Jane's (extract available) reports that "four of Europe's leading submarine design houses have now all sought to craft compact, highly automated 'entry-level' submarine concepts specifically engineered to reduce capital cost and support overhead and manning requirements. As well as appealing to navies looking to acquire a submarine capability for the first time, the rival contractors are also eyeing nations that may be looking to recapitalise their existing submarine arms."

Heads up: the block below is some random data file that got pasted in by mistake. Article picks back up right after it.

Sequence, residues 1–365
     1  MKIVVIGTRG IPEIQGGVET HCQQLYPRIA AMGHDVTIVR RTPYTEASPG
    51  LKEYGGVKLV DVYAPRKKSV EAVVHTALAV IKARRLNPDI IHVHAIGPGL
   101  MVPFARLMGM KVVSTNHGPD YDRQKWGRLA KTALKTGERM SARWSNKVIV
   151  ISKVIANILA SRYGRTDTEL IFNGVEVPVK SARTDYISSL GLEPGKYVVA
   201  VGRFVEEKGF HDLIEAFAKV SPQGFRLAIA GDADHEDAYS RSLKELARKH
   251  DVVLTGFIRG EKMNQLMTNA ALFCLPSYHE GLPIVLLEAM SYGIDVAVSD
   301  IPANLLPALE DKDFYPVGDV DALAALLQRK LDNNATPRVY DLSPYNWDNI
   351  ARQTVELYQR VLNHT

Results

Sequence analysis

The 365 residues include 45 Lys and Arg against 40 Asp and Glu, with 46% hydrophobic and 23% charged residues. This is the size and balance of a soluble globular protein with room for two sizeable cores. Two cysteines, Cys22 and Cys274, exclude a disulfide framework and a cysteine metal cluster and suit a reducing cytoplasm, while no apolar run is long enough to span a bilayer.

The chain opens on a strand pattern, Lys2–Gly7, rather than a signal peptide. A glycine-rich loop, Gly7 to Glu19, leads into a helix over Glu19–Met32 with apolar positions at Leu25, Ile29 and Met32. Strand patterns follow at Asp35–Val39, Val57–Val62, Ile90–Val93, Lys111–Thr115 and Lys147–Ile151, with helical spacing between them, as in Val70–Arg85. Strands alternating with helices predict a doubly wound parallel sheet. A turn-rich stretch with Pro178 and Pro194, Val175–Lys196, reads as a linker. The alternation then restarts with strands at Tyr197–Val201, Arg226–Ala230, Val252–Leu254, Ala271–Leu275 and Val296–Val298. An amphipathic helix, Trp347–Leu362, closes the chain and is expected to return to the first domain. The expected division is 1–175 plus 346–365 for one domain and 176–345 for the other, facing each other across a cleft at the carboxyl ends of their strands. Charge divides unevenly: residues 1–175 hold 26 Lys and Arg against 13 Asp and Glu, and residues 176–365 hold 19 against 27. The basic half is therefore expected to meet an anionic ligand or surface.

This is all because "The modern non-nuclear submarine is acknowledged to be a highly potent sea denial and intelligence gathering asset and, in the right hands, a very challenging adversary for even the best-equipped anti-submarine warfare (ASW) forces."
An example Jane's uses is the SMX-23, from French builder DCNS. It's a 900 ton, 18-person, coastal defense submarine that will only set back the buyer about $300M. The French are also offering the Marlin, an update to the Scorpene, while the Spanish are busy rolling out the S80.